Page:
About the Book
1946. Three years after a cataclysmic event which tore their lives apart, a mother and daughter flee Poland for Paris, shame, and fear at their heels, not knowing how hard it is to escape your past.
Nearly eighty years later, Gretel Fernsby lives a life that is a far cry from her traumatic childhood. When a couple moves into the flat below her in her London mansion block, it should be nothing more than a momentary inconvenience. However, the appearance of their nine-year-old son Henry brings back memories she would rather forget.
Faced with a choice between her own safety and his, Gretel is taken back to a similar crossroads she encountered long ago. Back then, her complicity dishonoured her life, but to interfere now could risk revealing the secrets she has spent a lifetime protecting.
Format: Hardback (384 pages) Publisher: Doubleday
Publication date: 15th September 2022 Genre: Historical Fiction
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I have the feeling I may be one of the few people in the world who has not read The Boy in the Striped Pyjamas or seen the film adaptation. I wondered if this would effect my appreciation of this, its sequel; the answer is a definite no. In fact All The Broken Places may be one of the most memorable and thought-provoking novels I read this year. It’s one of the reasons why I’ve found it so difficult to write a review that will do it justice. (I’m still not sure I have.)
Moving between past and present, we gradually learn about Gretel’s childhood and the impact her proximity to the horrific events of the Holocaust has had on her. Having had an early taste of what her identity becoming known might result in, the majority of Gretel’s life has been spent hiding her past, adopting new identities when disclosure is threatened, moving to new places and being in a constant state of watchfulness.
In addition, she has lived with a constant sense of guilt – at the dreadful things that took place ‘on the other side of the fence’ and her part in the death of a loved one. ‘Guilt was what kept you awake in the middle of the night or, if you managed to sleep, poisoned your dreams. Guilt intruded upon any happy moments, whispering in your ear that you had no right to pleasure. Guilt followed you down streets, interrupting the most mundane moments with remembrances of days and hours when you could have done something to prevent tragedy but chose to do nothing.’ Managing those feelings of guilt has meant repressing unwelcome memories. There are photographs Gretel can’t bear to look at, a location she refers to only as ‘that other place’, a name she can’t bear to say.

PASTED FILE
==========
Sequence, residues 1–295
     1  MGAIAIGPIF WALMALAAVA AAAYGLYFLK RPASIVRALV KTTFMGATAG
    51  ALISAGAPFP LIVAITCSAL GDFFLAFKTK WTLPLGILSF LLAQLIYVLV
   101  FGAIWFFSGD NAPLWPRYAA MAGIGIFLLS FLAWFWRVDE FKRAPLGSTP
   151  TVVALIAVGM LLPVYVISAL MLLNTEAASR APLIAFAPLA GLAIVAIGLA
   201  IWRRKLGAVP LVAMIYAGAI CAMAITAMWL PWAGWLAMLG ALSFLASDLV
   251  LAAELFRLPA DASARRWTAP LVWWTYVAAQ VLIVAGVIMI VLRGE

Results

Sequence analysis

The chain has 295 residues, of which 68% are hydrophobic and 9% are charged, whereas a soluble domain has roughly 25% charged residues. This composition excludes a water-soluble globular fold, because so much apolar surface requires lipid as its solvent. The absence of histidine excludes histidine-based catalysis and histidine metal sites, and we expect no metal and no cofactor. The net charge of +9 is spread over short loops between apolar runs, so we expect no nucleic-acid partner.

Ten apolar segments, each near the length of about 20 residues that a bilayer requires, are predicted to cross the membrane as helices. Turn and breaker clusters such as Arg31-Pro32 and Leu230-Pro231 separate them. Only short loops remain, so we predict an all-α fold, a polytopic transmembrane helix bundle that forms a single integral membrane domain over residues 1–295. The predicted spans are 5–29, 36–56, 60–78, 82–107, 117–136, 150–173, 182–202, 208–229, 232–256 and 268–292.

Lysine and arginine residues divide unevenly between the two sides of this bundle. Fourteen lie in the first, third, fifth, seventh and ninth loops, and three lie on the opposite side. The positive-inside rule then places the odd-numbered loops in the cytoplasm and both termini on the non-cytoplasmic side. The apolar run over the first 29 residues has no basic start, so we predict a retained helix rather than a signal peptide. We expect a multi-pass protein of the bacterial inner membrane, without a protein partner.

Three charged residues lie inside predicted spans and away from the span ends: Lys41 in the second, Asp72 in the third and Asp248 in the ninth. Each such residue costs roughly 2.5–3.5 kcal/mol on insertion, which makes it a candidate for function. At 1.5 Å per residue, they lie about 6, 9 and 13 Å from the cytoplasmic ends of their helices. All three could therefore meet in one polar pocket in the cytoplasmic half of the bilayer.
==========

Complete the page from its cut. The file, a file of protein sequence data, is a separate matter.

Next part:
There are a number of occasions on which Gretel is challenged about her defence that she was ‘just a child’ and had no knowledge of what was taking place. And, that even if it was true, she did nothing after the war to help bring the perpetrators to justice. In fact that she took deliberate steps to avoid this. When, soon after the end of the war, she is presented with indisputable evidence of what occurred and how close she was to that cruelty, the effect on her is so unbearable it results in a catastrophic act and the destruction of a relationship.
In the book there are not just broken places but broken people too. Gretel, of course, but also her mother, and Gretel’s new neighbour Madelyn.
There are moments of light amongst the darkness. For example, Gretel’s tender relationship with her vulnerable neighbour, Heidi, and the way she bonds with young Henry. And Edgar, Gretel’s late husband, whom we meet at the very beginning of their relationship, is a wonderful model of devotion, understanding and acceptance.
All the Broken Places is an unsparing exploration of how the sins of the past can weigh on individuals and the burden of complicity. ‘By doing nothing, you did everything. By taking no responsibility, you bear all responsibility.’ The book poses some difficult questions. If someone you love commits terrible acts is it right to still love them? Can anything you do ever make up for the sins of others? Is taking one life to save another justified?
I’m not sure the actions Gretel takes at the end of the book represent sufficient reparation given the scale of the evil that occurred in ‘that other place’ but I got the sense Gretel thought they did and she viewed the consequences of her actions as a kind of justice, as the punishment she deserved.
In his afterword, the author states his belief that, for all the mistakes in her life and her complicity in evil, Gretel’s story is still worth telling but it’s up to the reader to decide if it’s worth reading. My conclusion is an unequivocal yes.
I received an advance digital copy courtesy of Doubleday via NetGalley.
In three words: Powerful, moving, thought-provoking
About the Author
John Boyne is the author of thirteen novels for adults, six for younger readers and a collection of short stories. His 2006 novel The Boy in the Striped Pyjamas has sold more than 11 million copies worldwide and has been adapted for cinema, theatre, ballet and opera. His many international bestsellers include The Heart’s Invisible Furies and A Ladder to the Sky. He has won three Irish Book Awards, along with a host of other international literary prizes. His novels are published in over fifty languages. (Photo: Goodreads author page)
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